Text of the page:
Our Homeschooling Story, part one
There’s a quote attributed to Abraham Lincoln that reads, “The philosophy of the school room in one generation will be the philosophy of government in the next.”
I don’t pretend to know what Abe meant by that statement but I’ll tell you how I interpret it. To me it means we should be very careful and intentional about what we teach our children. Some day they’ll be making the big decisions. In negative context, it suggests that in order to reach certain ‘for the good of the people’ goals we must indoctrinate early.
Is the cup half full or half empty? Take it as you will but either way that quote is as good a reason as any to homeschool. At age five we typically turn our children over to someone else. That someone influences how they think, how they learn and what they know about the world. Someone will shape the way my children see the past, present and future. My husband and I decided we’d like to be that someone. There were many factors and here are several:
- The intention to raise godly individuals with strong moral characters
- The determination to provide a rich and unique education not bound by a common core
- The hope of extending and protecting their childhood
- The desire to establish, strengthen and maintain a deep family bond
- The cost of the Christian school we loved was just too expensive
We started our homeschooling journey in 2008. It was the year my daughters were to begin second and first grade. And this is the part of the story that I tell you my mom was a teacher. My step-mom is a teacher. My husband’s mom was a teacher. His aunts and cousin are teachers. We were literally raised by brilliant educators and our decision was met with a brilliant firestorm. We did our best to explain but it was, after all, a decision made with our kids in mind. We were excited to spend the days with them. We were thrilled to witness the wonder of their learning milestones for ourselves. It was as complicated — and as simple — as that. Now we have years invested and we wouldn’t change a thing.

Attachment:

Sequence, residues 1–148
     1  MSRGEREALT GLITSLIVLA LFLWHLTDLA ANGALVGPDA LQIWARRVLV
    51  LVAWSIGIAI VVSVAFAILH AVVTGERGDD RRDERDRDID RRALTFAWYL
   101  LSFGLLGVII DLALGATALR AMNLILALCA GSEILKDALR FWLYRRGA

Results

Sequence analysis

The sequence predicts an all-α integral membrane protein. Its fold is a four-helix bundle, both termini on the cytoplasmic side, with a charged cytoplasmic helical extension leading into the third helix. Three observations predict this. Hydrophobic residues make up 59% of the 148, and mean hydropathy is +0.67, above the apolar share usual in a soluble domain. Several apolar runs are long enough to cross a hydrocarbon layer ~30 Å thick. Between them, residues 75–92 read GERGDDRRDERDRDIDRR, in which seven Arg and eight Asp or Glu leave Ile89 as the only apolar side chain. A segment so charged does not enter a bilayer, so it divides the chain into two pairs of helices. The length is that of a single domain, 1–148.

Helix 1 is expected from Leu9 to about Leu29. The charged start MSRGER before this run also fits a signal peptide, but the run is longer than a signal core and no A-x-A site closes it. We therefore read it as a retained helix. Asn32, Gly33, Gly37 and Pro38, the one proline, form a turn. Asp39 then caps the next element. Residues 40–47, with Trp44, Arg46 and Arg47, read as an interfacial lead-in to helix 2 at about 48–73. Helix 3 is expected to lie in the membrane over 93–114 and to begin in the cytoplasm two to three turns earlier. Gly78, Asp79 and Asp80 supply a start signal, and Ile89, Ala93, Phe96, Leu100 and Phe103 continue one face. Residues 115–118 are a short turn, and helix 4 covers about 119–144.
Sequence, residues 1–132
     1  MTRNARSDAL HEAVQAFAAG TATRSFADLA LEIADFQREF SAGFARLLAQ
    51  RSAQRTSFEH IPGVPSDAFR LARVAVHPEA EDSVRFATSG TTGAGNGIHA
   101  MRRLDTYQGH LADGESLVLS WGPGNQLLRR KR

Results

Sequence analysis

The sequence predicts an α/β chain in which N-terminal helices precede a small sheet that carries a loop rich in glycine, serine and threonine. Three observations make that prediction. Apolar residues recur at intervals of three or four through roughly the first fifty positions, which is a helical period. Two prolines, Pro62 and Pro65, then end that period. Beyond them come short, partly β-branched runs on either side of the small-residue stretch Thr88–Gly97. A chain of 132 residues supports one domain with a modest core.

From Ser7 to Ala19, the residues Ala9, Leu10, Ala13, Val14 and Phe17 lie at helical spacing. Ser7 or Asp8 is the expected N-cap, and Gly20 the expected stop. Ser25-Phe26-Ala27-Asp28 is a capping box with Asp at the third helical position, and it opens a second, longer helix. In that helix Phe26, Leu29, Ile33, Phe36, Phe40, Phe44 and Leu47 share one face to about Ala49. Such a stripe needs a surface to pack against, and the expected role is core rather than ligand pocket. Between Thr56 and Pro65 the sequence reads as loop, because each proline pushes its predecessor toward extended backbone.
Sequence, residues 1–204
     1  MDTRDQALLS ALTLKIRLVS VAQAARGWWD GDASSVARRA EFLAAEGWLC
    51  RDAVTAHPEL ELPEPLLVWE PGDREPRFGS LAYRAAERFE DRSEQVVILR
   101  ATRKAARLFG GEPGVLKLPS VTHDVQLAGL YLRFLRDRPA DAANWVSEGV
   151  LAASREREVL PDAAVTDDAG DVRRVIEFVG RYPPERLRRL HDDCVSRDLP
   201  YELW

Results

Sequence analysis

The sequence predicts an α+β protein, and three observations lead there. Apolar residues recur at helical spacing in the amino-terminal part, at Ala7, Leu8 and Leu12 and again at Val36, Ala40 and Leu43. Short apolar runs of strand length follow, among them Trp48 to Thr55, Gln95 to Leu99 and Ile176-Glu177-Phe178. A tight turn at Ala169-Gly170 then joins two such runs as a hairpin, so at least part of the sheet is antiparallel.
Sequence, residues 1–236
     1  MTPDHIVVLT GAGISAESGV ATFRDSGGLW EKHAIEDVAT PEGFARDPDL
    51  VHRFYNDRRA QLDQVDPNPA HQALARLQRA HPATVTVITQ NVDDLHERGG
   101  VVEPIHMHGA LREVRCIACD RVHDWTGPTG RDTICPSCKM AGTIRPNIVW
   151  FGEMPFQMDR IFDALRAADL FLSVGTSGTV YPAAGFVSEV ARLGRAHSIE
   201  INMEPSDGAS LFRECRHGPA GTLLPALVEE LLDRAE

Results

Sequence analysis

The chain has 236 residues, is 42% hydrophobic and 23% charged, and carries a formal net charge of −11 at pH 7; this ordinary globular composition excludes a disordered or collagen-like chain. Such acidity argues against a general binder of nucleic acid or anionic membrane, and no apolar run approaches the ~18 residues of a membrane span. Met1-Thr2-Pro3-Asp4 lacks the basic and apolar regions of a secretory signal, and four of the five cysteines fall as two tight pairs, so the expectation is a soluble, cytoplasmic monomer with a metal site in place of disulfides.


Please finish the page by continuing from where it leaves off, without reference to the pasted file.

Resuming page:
Homeschooling became a lifestyle. It was a big transition for all of us, don’t get me wrong. I was determined to fill those little brains to bursting and we reached the breaking point, several times. Over time I eased out of that results-driven mentality and into everyday discovery mode. We have math books and spelling words and vocabulary tests, yes. Sometimes those are interrupted by future farmers of America or a cookie craving. Make ’em and bake ’em I say— it’s the tastiest way to learn fractions! A salamander discovery on a boyhood adventure? Instant science lesson. You’re getting braces? Awesome! I want a one-page report on the history of orthodontics.
Homeschool Trippin’. Field trips and fun days take on new meaning when your lives are all about schooling at home. We were looking for a weekend vacation destination about the time the girls were studying the Civil War. To Gettysburg we went. We walked the battlefields, traced the soldiers’ footsteps and experienced a day in the life as best we could. And we found some fun for the youngest, too. We can’t take trips all the time, but when we do they usually have a purpose. And when the local school district takes a snow day? Too bad for my kids. They’re already at home. No excuses. Sometimes things get tough, though. That’s when I say, “Oh, don’t look so grumpy!”
To move from what’s considered a normal to an atypical education style was a trial by fire. It has evolved into one of the greatest blessings of our life together. It’s a daily love note to my kids. It’s a gift to my husband and me. We have their hearts — for now, at least. And when the time comes for them to move on — and on outta here, I hope their hearts will beat stronger because of it.